On the web…

  • Social media is one of the most powerful tools to build your brand.
  • Be mindful of what the characteristics of your brand are. That’s what your content should be.
  • You are responsible for what other people post on your content, so clean up inappropriate comments if friends post them.
  • Always use correct grammar and never use profanity.
  • Have a relevant Twitter handle that people can find. Don’t just use random parts of your name.
  • Make sure the last 10 photos you posted are what you want people to see. (No “selfies.”)

In real life…

  • Learn to have conversations with people that do not actually get anything for you.
  • Speaking of that, do informational interviews.
  • Maintain eye contact with people. It communicates mutual respect.
  • Don’t use your phone. It gives people the impression your phone is more important than them.
  • Give firm handshakes, your full name and calling cards.
  • Always follow up with handwritten thank you notes.

In yourself…

  • Authenticity is one of the most important qualities in a person.
  • Don’t be afraid to be bold.
  • There is a big difference between confidence and arrogance.
  • Don’t be desperate: people can smell it a mile away.
  • Set high goals for yourself.
  • Go to events alone. It’ll bring you out of your comfort zone and let you meet people you might not of otherwise.

I hope these pieces of advice allow you to perfect your personal brand! I’m off to buy some thank you notes ASAP!

Tricks of the Trade: Sports PR

Photo via Flickr Commons,  CarolMunro.This past week I heard the 411 on sports PR from Craig Pintens, the senior associate athletic director of marketing and public relations. Pintens knows how the world of sports PR works: he’s been doing it for over 10 years. If you want to find out who is behind all of the University of Oregon’s PR magic, it is this guy. Pintens has dealt with everything from Chip Kelly’s departure, LaMichael James volatile ways and  the NCAA sanctions. Thankfully, the Allen Hall team and I had the opportunity to hear his advice on what the world of sports is like. Here are some of my favorite tips he gave us.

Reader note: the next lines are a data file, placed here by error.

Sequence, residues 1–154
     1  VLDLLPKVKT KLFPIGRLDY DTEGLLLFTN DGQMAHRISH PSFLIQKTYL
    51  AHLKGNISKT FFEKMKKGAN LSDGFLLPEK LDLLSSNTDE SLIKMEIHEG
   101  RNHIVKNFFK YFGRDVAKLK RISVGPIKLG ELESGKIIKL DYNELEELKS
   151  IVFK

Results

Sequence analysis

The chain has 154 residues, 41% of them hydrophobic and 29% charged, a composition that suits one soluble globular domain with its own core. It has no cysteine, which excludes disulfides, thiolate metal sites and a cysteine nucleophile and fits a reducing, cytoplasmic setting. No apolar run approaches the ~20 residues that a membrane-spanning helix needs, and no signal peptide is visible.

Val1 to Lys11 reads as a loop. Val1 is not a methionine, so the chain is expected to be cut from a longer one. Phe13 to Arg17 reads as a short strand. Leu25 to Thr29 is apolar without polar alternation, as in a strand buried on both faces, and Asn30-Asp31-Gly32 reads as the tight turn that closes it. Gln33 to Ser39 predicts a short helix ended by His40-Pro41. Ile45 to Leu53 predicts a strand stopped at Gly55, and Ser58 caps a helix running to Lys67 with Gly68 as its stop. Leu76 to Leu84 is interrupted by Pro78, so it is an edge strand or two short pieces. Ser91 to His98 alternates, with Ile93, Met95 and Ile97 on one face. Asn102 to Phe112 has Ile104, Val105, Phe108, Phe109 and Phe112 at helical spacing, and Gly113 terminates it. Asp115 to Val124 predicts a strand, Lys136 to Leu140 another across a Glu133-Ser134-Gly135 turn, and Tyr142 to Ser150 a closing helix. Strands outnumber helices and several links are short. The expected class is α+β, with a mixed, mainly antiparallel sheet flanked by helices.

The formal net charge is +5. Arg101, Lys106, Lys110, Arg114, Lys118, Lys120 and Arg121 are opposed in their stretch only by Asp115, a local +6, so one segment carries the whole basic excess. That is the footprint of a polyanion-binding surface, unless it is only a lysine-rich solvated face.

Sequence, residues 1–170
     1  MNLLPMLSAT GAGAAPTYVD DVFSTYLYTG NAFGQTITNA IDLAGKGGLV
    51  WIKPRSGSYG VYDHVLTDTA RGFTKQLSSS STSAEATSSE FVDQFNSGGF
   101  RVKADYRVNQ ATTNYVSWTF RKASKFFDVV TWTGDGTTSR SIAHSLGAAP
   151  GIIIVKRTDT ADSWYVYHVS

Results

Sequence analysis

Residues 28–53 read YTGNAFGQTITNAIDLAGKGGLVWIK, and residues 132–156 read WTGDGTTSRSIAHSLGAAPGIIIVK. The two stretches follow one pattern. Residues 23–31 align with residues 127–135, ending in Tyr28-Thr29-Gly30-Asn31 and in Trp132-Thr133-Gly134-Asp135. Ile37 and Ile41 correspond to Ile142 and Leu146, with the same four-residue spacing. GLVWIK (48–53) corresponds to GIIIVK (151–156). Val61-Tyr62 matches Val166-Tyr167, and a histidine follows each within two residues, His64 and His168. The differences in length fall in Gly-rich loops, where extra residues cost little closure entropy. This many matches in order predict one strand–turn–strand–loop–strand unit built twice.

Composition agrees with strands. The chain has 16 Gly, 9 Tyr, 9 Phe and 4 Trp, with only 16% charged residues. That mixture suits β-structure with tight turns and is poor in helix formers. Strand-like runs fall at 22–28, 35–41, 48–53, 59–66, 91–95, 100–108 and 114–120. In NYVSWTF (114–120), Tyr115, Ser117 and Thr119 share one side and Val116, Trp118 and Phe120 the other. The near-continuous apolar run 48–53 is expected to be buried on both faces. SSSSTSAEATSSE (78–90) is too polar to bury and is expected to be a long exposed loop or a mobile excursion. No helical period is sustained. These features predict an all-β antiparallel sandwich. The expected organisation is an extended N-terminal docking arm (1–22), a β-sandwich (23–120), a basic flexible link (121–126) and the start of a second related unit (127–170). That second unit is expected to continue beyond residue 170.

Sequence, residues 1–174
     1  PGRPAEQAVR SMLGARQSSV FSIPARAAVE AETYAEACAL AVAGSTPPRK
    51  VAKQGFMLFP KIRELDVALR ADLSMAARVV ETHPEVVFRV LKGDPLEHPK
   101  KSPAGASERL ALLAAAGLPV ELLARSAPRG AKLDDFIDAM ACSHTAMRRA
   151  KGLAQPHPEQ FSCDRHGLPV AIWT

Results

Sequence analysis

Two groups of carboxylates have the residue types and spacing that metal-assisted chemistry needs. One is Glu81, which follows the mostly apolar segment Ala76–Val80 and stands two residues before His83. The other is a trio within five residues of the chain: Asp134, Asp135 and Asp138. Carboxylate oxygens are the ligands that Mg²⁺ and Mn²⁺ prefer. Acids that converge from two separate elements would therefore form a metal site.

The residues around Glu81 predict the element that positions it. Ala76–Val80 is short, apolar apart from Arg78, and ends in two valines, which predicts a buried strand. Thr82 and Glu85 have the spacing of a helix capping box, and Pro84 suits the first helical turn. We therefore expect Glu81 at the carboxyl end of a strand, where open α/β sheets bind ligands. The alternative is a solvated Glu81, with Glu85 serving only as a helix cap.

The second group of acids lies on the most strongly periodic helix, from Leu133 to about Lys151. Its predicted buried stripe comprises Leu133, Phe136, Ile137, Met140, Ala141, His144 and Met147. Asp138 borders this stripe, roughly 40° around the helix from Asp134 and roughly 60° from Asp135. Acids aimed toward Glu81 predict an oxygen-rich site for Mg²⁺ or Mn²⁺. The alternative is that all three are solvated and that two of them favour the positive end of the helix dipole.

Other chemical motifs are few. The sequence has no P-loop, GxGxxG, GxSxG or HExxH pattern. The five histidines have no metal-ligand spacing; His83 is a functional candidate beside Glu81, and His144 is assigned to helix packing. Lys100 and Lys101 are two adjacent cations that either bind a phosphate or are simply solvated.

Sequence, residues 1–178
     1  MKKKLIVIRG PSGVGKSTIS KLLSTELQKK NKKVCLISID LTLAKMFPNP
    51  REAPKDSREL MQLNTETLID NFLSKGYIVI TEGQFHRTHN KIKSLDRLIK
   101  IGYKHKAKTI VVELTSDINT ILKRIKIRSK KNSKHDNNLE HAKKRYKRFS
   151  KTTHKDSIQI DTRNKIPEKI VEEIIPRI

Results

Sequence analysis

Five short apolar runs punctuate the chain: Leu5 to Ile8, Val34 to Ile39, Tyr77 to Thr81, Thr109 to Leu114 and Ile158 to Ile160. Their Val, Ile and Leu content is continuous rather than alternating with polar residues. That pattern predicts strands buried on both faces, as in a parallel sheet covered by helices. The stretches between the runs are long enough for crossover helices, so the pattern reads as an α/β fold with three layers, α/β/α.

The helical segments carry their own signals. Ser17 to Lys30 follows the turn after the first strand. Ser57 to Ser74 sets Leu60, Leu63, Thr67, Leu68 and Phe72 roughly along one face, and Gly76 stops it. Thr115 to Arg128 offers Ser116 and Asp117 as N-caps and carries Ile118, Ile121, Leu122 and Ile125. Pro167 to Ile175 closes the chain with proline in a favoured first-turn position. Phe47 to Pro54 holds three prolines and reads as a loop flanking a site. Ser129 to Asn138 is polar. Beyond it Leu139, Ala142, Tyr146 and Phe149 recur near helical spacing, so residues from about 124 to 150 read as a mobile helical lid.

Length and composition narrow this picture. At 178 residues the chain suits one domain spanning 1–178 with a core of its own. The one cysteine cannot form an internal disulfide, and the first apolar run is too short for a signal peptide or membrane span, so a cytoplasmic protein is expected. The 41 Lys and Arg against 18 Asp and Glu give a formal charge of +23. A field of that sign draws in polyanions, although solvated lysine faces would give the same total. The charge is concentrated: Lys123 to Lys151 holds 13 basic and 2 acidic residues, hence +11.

Know your brand. 

  • Ask yourself, who are we?
  • What is our story?
  • How do we accomplish our goals?

Social media is huge.

  • It is the most important advancement in sports PR since 1995.
  • Be on relevant platforms.
  • Link content from Twitter, to Instagram, to Facebook.

Be engaged. 

  • Be fan centric.
  • Social media is for the fans.
  • Post unique content. If you have special access to certain things, take advantage of that.
  • Influence > growth. Because influence will eventually lead to growth.

Measure your efforts. 

  • Even if you can’t access expensive measurement tools like Topsy, you can use others.
  • Facebook and Twitter have great free analytics.
  • Find trends within your most popular posts and post according to those trends.

“It’s only a crisis if you make it a crisis.”

  • Crisis is one of the most overused terms in PR.
  • It’s almost impossible to have a plan.
  • You can’t have an exact plan because each crisis is unique.
  • But, you can have a protocol.
  • Rely on experience, instinct, and other informed people.

Sports PR is definitely a different monster than other facets of PR. But, you can tell that the basics of PR still hold true. Hopefully you can use this advice if you decide to go down the sports PR path!